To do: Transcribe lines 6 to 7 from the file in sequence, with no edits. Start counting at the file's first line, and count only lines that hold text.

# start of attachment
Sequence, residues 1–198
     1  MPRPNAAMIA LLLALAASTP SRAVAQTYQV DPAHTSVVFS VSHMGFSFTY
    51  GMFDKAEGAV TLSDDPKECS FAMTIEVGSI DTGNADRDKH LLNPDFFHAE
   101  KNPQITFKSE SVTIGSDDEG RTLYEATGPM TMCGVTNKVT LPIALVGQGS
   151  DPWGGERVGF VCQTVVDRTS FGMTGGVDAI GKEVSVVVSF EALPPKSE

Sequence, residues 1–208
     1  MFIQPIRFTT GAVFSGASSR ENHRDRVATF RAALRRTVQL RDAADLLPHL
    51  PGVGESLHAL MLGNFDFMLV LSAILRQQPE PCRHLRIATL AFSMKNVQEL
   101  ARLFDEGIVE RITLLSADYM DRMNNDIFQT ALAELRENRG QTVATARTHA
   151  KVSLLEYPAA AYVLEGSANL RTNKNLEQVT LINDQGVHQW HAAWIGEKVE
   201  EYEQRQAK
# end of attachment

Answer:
Sequence, residues 1–208
     1  MFIQPIRFTT GAVFSGASSR ENHRDRVATF RAALRRTVQL RDAADLLPHL